Sudbury Cubs addition to help local Indigenous players reach full potential

Sudbury Cubs team owner Mark Burgess (left) and managing director Blaine Smith (right) introduce Indigenous community relations leader Fletcher Dominic Fletcher. Supplied

Dominic Fletcher to serve as Indigenous community relations leader for the NOJHL club

Star StaffThe Sudbury Star

Dominic Fletcher says he has been inspired by watching his son Maverick develop into a hockey player good enough to be drafted by the OHL’s Erie Otters.

As an Indigenous youth, Dominic said Maverick had to overcome obstacles in pursuing his hockey dreams.

It’s a path that Fletcher, just appointed as Indigenous community relations leader for the Sudbury Cubs of the NOJHL, hopes to make easier for other Indigenous kids with similar goals.

“I am honoured to accept the position with the Sudbury Cubs as their Indigenous community relations leader,” he said in a release. “It is important for the Cubs to become a junior hockey organization that leads by initiating the reconciliation process and engages with local communities surrounding us in the Robinson Huron territory.

“The Cubs organization recognizes the importance of providing junior hockey opportunities for players here in Greater Sudbury and most of their players come from local communities. Those players include several Indigenous players with great talents.

Maverick Fletcher of the Soo Junior Greyhounds. PHOTO BY BILLY WHALING

“Many times, these youngsters do not receive the exposure that they deserve and some will give up on their dreams. Some parents and kids make unbelievable sacrifices to be able to play the game that they love. Watching the development of my son Maverick has been an inspiration for me.”

Maverick, 16, is a goalie from Garson who played for the Soo Greyhounds U18 AAA and the Soo Thunderbirds clubs last year. The Erie Otters made him their second-round choice, 22nd overall, in the OHL Under-18 Priority Selection.

“Despite the obstacles that he faced, he never gave up hope ….” his dad noted. “His dreams as a young athlete have inspired me to do the work, open doors and create opportunities for our First Nation athletes.”

Cubs team owner Mark Burgess and managing director Blaine Smith introduced Fletcher this week.

“It is inspiring to partner with motivated people that have the passion and desire to support their community like Dominic,” Smith said. “His goal of giving back to our community and to those that need support matches perfectly with the Cubs movement.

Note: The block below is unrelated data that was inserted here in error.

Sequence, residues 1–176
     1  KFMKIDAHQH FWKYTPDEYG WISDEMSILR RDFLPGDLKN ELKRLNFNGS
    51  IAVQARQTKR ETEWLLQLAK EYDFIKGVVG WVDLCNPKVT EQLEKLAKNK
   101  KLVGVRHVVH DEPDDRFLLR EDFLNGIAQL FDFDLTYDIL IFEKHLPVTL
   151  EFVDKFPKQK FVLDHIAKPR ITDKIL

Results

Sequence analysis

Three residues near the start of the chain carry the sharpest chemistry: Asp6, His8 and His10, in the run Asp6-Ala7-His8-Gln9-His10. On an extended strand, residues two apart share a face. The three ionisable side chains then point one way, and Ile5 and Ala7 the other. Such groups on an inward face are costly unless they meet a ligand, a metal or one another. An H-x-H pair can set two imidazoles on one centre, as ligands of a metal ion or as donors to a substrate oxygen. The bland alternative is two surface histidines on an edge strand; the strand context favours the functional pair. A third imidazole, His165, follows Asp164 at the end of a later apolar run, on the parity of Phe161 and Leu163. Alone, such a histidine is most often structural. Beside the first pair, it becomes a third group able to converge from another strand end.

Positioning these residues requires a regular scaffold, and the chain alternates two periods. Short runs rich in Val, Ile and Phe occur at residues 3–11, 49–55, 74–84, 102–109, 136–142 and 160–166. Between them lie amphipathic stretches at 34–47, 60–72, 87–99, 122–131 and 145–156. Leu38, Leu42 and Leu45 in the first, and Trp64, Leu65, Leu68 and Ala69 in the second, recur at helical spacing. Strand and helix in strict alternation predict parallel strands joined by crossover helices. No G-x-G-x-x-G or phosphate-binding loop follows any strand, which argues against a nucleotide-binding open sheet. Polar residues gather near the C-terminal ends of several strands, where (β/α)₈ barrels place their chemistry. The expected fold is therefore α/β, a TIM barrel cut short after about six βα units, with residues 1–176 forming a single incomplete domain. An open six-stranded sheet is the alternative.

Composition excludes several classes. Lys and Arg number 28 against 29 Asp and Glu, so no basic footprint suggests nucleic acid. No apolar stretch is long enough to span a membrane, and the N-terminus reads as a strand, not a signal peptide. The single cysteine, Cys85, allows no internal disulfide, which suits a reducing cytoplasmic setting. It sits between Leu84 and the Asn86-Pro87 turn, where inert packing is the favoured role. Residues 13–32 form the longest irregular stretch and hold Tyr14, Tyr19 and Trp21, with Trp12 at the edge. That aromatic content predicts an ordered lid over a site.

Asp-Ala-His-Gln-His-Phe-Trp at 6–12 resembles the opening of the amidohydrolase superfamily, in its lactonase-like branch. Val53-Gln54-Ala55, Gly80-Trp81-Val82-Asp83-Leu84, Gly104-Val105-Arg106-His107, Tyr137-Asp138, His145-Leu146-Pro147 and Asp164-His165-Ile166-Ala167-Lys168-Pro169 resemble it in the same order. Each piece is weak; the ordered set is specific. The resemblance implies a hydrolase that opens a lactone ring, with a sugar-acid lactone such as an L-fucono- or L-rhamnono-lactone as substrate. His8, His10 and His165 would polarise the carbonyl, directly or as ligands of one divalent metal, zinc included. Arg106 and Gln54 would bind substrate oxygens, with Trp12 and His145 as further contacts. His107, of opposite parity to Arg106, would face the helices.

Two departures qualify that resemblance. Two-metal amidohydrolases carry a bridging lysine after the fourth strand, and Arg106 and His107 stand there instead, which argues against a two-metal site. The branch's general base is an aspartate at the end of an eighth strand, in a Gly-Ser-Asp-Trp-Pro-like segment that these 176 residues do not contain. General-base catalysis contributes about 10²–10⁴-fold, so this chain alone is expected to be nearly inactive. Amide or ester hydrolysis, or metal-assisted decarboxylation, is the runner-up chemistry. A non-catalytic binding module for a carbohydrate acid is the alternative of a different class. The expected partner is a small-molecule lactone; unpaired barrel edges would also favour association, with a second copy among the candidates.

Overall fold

“We can’t wait to see all of the great achievements that Dominic has already begun to work towards this season.”

Fletcher will lead the Cubs organization in new initiatives including, but not limited to:

– Forging new connections with Indigenous communities across Northern Ontario.

– Supporting and hosting hockey equipment drives for Indigenous minor hockey programs.

– Recognizing Indigenous events including the National Day of Truth and Reconciliation and Indigenous hockey.

– Supporting tournaments.

– Identifying Indigenous hockey talent that will be able to play for the Sudbury Cubs one day.

– Networking with businesses that are interested in supporting Indigenous youth and/or junior hockey.

It won’t take long for Fletcher and the Cubs to engage in Indigenous activities for the new season, which starts next month. The Cubs will celebrate the National Day of Truth and Reconciliation when they host the French River Rapids on Friday, Sept. 29 at 7 p.m.

The game will be played at the Centennial Arena in Hanmer as the Cubs continue their goal of playing league games in as many towns in the Greater Sudbury area as possible.

Tickets for this game are available by contacting the Cubs office at or calling 705-525-8375.

Cubs individual game tickets are available to adults for $15, while juniors and seniors are $10 and children 12 and younger are $5.

In addition, the Cubs will also be installing “Every Child Matters” rink boards in the Countryside and Centennial arenas beginning Sept. 29 in honour of the missing children, the families left behind and the survivors of the reviled Canadian residential school system.